Remember how the reason I bought that Viking 6020 (see above), which arrived damaged, was because my self-lubricating Viking 3240 had completely seized up and wasn't worth putting a dime into, since I'd bought it cheap on eBay two years ago and it was very beat up to start with?
Well, reader Valerie left a comment last week that must have planted a seed in my brain, because after the debacle of the arrival of the 6020 in a flimsy box that wouldn't be suitable for anything heavier than a pair of running shoes, and wrapped in ratty old plastic (you can read the post describing this nightmare here), I had an Aha moment.
A while back I had a sewing machine repair guy over to fix my newly acquired pre-loved New Home - with lots of solvent - and he told me that not needing to oil machines was a myth and that you can oil and maintain any machine - regardless of brand.
Like I said, this must have made an (unconscious) impression, because yesterday, on a whim, I was looking at a bottle of WD-40, which states that it "frees sticky mechanisms," and I thought, why not give it a try? I always get WD-40 confused with Tri-Flow. Correct me if I'm wrong: WD-40 breaks down grease but does not lubricate. Tri-Flow lubricates. Of course, sewing machine oil can do a little of both.
Anyway, you can guess where this is leading. I managed to pry the plastic back off my Viking 3240, giving me access to most of the gears, and I sprayed away.
Not even ten minutes later -- Eureka! -- my machine was running more smoothly than ever before!
I threaded the needle and started stitching. It did everything it was supposed to do.
Why didn't I try this earlier? I guess I just assumed "self-lubricating" meant can't be cleaned or oiled yourself. Thank you, Valerie!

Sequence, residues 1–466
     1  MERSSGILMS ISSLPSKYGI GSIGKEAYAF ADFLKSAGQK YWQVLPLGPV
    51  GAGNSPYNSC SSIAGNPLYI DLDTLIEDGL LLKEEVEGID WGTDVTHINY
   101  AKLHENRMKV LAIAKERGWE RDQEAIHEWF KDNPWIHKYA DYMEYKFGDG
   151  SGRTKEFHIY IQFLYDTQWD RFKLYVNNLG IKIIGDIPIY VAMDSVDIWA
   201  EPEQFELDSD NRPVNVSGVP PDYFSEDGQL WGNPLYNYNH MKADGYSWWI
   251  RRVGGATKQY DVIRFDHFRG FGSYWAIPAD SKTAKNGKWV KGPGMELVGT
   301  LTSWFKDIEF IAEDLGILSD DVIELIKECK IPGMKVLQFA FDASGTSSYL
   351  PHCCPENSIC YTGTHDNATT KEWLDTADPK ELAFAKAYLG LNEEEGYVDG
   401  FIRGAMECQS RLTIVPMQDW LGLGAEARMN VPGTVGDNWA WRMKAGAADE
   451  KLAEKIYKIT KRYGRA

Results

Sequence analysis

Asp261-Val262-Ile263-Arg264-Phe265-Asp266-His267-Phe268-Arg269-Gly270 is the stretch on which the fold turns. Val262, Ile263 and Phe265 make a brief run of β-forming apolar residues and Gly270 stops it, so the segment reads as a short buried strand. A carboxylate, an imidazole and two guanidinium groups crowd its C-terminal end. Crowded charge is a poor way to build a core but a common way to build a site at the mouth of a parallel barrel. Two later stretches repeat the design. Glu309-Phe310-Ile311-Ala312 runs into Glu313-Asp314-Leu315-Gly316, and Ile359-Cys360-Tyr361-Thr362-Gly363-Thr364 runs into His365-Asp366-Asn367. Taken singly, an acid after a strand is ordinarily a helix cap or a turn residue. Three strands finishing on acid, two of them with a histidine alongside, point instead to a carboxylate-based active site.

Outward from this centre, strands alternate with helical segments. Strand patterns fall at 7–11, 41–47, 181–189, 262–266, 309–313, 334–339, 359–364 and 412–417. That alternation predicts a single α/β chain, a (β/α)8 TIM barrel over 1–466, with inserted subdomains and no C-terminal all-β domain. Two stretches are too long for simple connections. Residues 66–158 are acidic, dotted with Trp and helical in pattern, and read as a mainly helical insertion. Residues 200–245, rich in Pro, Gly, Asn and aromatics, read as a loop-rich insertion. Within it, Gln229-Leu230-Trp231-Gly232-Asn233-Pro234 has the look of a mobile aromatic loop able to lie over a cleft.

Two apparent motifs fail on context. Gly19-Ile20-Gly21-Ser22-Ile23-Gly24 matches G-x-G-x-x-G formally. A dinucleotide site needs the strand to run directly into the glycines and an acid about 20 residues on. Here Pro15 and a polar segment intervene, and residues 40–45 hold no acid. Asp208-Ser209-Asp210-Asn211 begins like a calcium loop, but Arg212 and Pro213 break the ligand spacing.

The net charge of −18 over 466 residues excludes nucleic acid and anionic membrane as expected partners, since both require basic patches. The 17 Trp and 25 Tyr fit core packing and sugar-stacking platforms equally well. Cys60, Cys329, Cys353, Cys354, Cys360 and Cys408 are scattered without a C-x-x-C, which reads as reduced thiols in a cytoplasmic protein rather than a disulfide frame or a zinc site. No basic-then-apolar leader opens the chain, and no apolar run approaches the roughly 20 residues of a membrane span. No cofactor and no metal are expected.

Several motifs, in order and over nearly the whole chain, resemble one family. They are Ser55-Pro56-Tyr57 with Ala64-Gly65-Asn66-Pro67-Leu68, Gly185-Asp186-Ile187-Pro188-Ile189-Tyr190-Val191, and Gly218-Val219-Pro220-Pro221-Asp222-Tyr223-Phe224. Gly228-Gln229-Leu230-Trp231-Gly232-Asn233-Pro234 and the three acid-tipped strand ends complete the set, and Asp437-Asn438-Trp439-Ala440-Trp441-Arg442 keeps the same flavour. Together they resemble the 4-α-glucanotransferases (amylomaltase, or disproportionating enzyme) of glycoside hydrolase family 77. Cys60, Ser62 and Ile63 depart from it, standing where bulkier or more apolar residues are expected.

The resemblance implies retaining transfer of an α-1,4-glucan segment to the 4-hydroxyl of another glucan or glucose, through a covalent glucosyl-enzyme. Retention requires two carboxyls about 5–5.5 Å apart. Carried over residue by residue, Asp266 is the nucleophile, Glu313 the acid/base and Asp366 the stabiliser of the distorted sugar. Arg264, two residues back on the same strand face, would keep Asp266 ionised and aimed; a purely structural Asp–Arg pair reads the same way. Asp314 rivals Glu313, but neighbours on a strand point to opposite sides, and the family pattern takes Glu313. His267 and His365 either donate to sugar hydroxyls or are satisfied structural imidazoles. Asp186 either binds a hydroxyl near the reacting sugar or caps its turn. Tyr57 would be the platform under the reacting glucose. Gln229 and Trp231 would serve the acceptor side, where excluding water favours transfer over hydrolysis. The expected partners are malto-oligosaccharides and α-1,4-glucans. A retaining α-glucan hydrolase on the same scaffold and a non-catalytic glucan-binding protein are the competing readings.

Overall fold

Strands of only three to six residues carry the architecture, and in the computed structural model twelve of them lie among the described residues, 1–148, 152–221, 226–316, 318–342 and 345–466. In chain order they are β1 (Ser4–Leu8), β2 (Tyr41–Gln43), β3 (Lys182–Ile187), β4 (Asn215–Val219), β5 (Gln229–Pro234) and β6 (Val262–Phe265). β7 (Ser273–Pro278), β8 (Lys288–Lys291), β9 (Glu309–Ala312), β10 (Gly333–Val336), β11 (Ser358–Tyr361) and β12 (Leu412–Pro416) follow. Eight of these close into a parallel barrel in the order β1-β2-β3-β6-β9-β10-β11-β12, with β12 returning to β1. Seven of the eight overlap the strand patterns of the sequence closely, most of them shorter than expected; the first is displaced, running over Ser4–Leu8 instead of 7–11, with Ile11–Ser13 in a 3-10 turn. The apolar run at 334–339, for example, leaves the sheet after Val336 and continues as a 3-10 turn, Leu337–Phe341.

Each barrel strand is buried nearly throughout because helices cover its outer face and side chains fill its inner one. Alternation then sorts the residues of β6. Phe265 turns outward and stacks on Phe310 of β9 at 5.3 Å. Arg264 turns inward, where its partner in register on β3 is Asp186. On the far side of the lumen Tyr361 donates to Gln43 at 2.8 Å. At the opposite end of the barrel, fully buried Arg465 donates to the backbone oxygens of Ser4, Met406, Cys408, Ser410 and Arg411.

It's still a beat up old machine, of course, but it's my beat up old machine and it works. One of the best things about it is that it can wind any sort of bobbin -- Viking, Class 15, Class 66 -- they all fit. I have wound hundreds of bobbins on it for just this reason. And you don't have to unlock the handwheel to disengage the needle -- it disengages the needle automatically when you stick an empty bobbin on.
Now, of course, there's still the drama of the damaged 6020, which should be resolved in the next few days. Later today I'm supposed to get my Kenmore 158.1040 and then, later, my new Featherweight. Wait -- did I mention the new Featherweight? It was part of the grieving process for my 6020. Oh, well!
A special thank you to everyone who took a stab at writing my blog over the weekend. You're all winners in my book and you provided me and Michael with some good laughs.
Happy Monday, everybody -- May you have a sewing drama-free week.
I'm a native New Yorker and self-taught sewing fanatic! I started sewing in 2009 and today make all my own clothes using mainly vintage patterns and vintage sewing machines. Welcome to the warm and whimsical world of Male Pattern Boldness, where the conversation is sewing, style, fashion, fabric, and more!